the marshmallow experiment


On completion of this INTEF training course on emotion regulation and social media we have been asked to create activities to raise awareness on Healthcare and Online safety.

The name Dr Walter Mischel immediately popped up as I was reading Ms María Brena and Mr Use Pastrana’s presentation and following introduction to the video clip «Are you living an Insta Lie?» (further down below). The subject matter being  immediate interactions and responses in the form of «Likes» as indicators of social success. And consequently addictive behaviours. In his talk Dr Mischel explains how children develop self-control and what the implications of self-control are for their adult life.



«Self-control, formerly known as willpower, has been an issue ever since Adam and Eve lost Paradise because they couldn’t resist the temptation of the serpent and the Apple»




The Marshmallow test is whatever a child picks from a set of assorted goodies that they are offered when given a choice of «having two of their very favourite things» that they can have if they wait by themselves until the researcher comes back to the room, which can be as long as 20 minutes. If they do that they get the two things that they have been waiting for. But if they want to, at any time, they can ring the bell or start eating one of those goodies and then they don’t get their two preferred objects.

What was found in many studies is that the choices the children make have very serious connections to how their lives work out in the sense that kids that were able to self regulate to delay gratification by the time they are four or five years old, have a much better chance of doing well at school, of thriving as adolescents and moving on in life.

Willpower and self-control are cognitive skills, which have been able to be identified as quite easily teachable, not only to children but to adults. There are tools available to all of us (as mindfulness) which can enhance the ability to regulate our emotions and our temptations and to allow us to take future consequences into account. Children learn to become more oriented to the future and to be able to make choices that allow them to have a better chance to make the most of their lives.



take future consequences into account




All of this would lead us to the proposed activity below connected to the immediate response and the need to regulate our temptations and manage our emotions on social media.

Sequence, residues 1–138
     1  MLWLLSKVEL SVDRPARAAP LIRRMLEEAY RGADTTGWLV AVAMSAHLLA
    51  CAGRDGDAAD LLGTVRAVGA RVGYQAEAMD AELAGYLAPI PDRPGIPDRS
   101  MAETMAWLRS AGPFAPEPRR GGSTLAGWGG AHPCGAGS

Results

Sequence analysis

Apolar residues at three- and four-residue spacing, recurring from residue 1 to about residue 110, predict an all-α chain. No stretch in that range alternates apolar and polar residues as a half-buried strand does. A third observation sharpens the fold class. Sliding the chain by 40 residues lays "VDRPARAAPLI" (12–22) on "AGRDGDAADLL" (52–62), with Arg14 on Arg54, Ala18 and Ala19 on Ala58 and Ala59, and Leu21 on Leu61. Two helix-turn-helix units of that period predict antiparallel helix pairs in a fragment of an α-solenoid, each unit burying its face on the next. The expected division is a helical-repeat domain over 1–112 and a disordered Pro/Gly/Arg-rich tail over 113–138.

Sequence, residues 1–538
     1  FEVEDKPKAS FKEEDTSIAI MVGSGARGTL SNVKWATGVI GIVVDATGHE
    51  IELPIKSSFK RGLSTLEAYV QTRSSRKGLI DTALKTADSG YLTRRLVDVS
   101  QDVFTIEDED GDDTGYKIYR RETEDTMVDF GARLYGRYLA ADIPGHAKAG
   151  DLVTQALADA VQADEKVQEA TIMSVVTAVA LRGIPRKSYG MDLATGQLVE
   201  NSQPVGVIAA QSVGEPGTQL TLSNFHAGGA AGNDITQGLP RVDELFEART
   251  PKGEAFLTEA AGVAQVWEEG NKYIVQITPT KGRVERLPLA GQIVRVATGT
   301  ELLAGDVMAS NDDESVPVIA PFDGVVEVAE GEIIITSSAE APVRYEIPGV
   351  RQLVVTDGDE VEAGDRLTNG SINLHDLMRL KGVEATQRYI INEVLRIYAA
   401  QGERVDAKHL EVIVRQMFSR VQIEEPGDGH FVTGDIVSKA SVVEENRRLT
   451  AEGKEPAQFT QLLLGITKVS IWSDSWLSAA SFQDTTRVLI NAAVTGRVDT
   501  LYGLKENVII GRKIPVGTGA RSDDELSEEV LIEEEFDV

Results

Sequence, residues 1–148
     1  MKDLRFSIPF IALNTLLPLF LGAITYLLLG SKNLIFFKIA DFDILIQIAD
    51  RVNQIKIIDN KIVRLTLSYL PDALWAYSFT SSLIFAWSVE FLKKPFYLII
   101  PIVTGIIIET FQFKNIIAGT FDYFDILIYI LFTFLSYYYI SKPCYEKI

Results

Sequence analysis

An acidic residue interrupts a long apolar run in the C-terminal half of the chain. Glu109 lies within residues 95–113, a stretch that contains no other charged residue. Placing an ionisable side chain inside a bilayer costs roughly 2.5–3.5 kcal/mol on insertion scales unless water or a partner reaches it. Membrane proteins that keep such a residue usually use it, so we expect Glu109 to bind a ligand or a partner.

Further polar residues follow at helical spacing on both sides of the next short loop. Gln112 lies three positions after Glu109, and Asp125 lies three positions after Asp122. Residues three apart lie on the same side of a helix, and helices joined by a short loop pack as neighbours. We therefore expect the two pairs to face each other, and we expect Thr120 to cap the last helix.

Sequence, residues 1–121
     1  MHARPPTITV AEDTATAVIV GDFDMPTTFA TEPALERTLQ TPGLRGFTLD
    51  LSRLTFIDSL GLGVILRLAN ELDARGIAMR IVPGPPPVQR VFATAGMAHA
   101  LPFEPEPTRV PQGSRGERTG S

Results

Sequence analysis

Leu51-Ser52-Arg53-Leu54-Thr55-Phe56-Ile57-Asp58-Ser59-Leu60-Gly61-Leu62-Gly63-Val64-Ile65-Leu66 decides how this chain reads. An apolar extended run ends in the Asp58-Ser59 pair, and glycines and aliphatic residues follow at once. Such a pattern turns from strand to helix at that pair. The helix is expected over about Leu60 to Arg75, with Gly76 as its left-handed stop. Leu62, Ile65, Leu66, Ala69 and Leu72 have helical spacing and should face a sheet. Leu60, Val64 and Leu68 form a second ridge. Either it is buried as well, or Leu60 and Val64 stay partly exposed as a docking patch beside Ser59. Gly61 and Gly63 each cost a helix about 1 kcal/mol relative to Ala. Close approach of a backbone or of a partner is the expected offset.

This group activity  is called «On second thought» and it will promote a positive and close attitude in handling technology, teach participants how to properly manage our emotions when certain problems arise, and allow them to develop a material that helps them to know how to act in each case». After they have watched the video clip «Are you living an Insta lie?» students are invited to:

  1. explore their emotions when they are scrolling down Instagram posts;
  2. explore their reactions when they are scrolling down Instagram posts;
  3. explore the real need to «Like» new posts and chain reaction;
  4. explore their actual need to immediately upload a better post:
  5. consider wether they would post their «messy side» of the office desk some time;
  6. reconsider their repeated phubbing at the table and possible alternatives / pacts;
  7. explore the real need to «Lie» with new posts;
  8. observe their emotional transitions after people’s «Likes» or their absence (more);
  9. cultivate self-compassion and loving kindness after feelings of low self-esteem;
  10. and propose alternative activities to «Insta lies» posts: arty photos of nature or people, creative original paintings, writing that great story they’ve been thinking about, listening to music or an audiobook, keeping a diary or making up a dance, etc


To complete the activity that will be presented by students within 10 days, the world’s fastest storytelling platform «pecha kucha» will be used. 10 images to present their views on the above suggested items [see how to easily create storytelling with pecha kucha]. Here is an example:

The pecha kucha presentation can be a pair or group activity, and anonymous votes will be cast to choose a favourite based on:


  • the proposal of alternative activities to Insta lies,
  • the openness in sharing experiences with classmates,
  • the visual thinking inspirations,
  • the self-compassion and loving kindness exercises suggested.  


All participants will receive feedback from their classmates and teacher focusing on the positive aspects and some areas for improvement.


A final 3-min Mindfulness intervention can be practiced to top up the activity orienting participants to «Cultivating patience as opposed to immediate overreacting»

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